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Strong v Bird, [1874] LR 18 Eq 315 (UK Ch D)


Bird borrowed money from his step-mother, who was living with him. Bird agreed to pay back the loan through reduced rent from her. She started to pay reduced rent, but mostly continued to pay full rent until she died.

Upon death, Bird was appointed (in her will) as the executor of her estate. Her relatives who were also beneficiaries of her will attempted to collect the money owed by Bird.


Was Bird required to pay back the loan?


When a donee of an imperfect inter vivos gift becomes the executor of the donor's estate, it perfects the gift.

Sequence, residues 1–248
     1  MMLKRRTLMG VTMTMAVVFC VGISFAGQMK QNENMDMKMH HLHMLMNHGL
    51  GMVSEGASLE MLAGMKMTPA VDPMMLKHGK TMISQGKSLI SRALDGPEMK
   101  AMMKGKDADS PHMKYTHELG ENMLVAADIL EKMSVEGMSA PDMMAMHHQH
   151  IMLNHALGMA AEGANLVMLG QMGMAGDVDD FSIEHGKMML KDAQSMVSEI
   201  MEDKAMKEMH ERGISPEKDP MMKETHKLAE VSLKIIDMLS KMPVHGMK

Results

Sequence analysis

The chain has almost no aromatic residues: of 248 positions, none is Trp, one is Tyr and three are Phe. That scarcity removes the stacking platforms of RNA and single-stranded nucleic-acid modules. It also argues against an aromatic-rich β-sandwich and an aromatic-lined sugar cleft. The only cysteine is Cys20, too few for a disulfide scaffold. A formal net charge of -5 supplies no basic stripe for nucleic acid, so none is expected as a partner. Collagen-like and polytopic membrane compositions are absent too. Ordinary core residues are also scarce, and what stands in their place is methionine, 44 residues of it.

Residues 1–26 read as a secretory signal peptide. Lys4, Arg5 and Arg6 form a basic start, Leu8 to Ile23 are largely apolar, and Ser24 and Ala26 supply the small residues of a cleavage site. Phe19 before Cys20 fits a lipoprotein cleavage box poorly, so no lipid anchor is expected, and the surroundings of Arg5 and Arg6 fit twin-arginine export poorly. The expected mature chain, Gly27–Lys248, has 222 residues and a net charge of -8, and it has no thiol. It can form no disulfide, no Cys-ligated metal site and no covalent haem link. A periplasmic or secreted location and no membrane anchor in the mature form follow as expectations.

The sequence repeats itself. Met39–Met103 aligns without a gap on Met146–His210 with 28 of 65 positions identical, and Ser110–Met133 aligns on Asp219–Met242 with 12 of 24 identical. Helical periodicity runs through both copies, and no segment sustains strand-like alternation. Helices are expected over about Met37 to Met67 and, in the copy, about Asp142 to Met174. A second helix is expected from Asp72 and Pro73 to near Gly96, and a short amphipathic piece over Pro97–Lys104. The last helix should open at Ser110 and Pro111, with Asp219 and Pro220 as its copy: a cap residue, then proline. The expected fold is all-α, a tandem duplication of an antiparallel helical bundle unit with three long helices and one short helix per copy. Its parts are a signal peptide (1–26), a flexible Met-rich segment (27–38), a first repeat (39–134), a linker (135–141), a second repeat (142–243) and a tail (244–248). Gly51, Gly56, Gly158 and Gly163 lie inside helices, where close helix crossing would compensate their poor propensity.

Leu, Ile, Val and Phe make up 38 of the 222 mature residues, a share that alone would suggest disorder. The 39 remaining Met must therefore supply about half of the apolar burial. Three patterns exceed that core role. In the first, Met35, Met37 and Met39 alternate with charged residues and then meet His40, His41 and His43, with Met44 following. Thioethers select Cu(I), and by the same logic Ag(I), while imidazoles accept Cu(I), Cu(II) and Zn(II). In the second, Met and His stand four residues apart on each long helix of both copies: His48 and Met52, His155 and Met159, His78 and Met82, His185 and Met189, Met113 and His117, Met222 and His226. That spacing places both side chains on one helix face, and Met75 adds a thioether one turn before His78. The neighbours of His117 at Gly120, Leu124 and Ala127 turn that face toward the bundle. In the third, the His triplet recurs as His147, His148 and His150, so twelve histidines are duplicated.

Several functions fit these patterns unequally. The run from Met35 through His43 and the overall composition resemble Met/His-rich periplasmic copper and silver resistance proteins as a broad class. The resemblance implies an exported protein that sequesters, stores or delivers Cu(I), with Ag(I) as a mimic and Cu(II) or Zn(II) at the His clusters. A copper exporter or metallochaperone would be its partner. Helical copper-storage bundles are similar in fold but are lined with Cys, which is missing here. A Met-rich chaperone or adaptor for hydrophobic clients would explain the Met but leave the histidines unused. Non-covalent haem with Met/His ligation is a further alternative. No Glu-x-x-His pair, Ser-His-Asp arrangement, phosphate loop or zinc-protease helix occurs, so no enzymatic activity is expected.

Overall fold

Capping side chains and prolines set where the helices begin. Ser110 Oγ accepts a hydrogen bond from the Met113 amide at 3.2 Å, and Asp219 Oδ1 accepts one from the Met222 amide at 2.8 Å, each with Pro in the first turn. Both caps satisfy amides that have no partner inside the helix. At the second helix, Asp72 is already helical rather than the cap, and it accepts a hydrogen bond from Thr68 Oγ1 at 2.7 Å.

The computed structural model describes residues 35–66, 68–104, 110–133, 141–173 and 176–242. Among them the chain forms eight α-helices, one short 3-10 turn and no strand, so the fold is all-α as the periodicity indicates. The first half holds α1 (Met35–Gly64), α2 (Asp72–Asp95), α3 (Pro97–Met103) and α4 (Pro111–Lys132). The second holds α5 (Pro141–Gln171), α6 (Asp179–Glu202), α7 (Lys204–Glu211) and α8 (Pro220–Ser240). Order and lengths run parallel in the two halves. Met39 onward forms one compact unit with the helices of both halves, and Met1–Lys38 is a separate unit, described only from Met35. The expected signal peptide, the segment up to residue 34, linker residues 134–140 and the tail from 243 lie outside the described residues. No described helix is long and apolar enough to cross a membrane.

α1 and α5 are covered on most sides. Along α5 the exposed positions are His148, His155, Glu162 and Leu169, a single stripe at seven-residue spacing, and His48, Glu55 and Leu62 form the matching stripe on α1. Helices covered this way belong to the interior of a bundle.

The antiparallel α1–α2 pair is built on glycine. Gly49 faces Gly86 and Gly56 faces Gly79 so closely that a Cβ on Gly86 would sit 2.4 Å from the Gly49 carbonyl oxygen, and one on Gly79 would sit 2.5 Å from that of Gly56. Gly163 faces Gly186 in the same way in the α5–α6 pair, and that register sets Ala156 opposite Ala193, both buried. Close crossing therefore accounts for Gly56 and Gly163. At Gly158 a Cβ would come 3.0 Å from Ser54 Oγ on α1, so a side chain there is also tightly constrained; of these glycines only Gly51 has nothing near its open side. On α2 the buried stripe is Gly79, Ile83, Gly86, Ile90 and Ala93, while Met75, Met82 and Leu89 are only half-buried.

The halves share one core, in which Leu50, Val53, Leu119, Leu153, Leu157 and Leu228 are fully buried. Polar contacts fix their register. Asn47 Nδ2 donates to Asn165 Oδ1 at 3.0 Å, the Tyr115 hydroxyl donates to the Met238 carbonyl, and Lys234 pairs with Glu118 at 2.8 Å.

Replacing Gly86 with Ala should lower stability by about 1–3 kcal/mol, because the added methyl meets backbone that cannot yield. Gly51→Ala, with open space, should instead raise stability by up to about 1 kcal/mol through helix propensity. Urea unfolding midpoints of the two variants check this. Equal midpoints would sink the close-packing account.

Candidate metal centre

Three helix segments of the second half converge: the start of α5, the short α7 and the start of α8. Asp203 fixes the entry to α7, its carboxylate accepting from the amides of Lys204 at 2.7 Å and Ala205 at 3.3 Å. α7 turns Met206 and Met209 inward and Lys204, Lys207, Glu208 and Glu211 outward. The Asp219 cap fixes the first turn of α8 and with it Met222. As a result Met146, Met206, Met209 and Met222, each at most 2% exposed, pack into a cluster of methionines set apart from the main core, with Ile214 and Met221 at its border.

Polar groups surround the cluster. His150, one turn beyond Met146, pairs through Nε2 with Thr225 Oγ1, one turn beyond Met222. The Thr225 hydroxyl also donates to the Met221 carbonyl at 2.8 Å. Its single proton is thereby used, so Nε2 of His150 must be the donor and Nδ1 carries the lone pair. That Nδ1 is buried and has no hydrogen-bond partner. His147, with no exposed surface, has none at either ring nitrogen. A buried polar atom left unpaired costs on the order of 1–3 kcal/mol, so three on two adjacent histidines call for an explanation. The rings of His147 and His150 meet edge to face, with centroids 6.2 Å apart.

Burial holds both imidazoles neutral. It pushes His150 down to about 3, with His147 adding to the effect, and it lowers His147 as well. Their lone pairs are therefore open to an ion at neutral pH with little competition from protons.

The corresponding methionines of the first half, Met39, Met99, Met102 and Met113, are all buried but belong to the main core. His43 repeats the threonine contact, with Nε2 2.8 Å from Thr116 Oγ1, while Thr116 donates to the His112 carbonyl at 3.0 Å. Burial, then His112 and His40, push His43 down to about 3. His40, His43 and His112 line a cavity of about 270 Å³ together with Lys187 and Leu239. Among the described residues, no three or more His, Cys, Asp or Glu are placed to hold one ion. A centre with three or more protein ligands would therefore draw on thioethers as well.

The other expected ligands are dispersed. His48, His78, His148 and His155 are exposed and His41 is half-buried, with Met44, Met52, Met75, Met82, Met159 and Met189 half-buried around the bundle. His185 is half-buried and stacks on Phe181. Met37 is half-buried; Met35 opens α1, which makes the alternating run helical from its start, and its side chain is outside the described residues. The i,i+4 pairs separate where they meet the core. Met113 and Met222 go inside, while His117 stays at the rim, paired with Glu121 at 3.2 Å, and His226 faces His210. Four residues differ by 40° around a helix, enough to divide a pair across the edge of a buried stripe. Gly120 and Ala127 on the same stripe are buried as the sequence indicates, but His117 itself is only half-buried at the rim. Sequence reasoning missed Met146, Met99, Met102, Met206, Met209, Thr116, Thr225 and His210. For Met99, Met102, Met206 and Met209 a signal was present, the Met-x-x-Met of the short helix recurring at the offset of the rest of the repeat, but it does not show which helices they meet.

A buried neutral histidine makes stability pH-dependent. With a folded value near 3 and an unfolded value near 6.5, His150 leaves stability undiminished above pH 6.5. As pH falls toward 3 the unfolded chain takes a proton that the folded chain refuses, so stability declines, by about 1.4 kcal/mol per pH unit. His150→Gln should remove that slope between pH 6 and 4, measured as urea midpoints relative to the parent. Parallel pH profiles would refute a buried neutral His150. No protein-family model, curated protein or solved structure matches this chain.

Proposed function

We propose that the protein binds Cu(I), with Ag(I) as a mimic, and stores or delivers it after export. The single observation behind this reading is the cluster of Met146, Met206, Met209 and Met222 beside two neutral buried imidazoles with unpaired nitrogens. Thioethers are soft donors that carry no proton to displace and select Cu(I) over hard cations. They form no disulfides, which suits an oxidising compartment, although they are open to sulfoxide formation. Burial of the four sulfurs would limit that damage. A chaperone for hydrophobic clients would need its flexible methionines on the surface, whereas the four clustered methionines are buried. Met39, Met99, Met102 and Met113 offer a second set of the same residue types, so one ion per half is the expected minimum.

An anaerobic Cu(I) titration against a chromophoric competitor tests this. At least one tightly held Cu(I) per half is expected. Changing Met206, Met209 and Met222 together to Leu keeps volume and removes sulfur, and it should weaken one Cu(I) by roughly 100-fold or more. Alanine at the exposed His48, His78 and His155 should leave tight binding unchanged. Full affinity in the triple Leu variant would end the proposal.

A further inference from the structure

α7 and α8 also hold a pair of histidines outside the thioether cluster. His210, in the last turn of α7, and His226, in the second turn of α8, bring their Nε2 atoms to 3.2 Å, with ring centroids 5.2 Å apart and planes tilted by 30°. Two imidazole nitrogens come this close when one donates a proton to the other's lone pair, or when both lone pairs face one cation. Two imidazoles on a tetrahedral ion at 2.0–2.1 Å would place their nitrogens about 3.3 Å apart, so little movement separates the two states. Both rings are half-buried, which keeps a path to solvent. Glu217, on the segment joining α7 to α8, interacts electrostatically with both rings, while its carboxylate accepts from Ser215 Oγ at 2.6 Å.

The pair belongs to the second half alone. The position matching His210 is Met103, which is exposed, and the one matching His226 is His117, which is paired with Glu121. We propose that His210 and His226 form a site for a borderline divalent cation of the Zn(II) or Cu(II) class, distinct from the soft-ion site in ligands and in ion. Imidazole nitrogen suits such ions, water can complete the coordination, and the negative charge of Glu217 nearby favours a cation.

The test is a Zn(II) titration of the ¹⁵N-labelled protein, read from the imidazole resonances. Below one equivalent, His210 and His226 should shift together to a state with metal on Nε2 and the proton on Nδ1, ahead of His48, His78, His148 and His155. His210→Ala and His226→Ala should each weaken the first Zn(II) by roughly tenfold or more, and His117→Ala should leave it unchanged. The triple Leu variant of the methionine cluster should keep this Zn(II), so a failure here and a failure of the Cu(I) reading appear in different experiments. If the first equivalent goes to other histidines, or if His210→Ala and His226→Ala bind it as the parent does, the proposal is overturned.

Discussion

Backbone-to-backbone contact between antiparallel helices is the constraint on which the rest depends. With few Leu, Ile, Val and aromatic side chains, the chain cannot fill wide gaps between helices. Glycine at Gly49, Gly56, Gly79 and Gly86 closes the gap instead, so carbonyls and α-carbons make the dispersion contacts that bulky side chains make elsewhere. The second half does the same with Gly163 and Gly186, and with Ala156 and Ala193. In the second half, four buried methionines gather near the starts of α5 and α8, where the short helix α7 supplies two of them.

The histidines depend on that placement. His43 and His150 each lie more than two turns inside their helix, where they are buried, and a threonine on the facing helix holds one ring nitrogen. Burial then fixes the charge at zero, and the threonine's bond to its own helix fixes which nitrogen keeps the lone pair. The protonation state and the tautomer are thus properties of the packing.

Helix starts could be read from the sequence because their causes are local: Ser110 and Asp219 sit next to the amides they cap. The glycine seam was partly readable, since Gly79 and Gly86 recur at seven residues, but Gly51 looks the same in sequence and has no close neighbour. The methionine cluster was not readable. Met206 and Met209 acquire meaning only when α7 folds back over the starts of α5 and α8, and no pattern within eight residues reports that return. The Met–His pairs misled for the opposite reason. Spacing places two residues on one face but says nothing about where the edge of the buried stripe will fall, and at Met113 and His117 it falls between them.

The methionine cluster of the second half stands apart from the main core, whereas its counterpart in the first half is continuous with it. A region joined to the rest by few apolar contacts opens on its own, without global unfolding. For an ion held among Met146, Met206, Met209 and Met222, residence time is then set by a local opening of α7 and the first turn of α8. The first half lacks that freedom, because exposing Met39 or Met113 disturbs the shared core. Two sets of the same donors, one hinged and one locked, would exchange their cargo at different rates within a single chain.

For the rule to apply, there are four conditions:
** 1. The donee must be an executor of the donor’s estate
** 2. The donor must have intended to give donee an inter vivos gift
** 3. The donative intention of the donor did not change before death
** 4. The subject matter of the gift must be capable of enduring the death of the donor.

This is an exception to the general rule that equity will not perfect and imperfect gift.


No, the stepmother made an inter vivos gift to Bird. This was demonstrated by making Bird the executor of her estate. As the executor of her estate, Bird would be responsible for calling in all debts to the estate. It would not make sense for Bird to sue himself.


Decision in favour of Bird.

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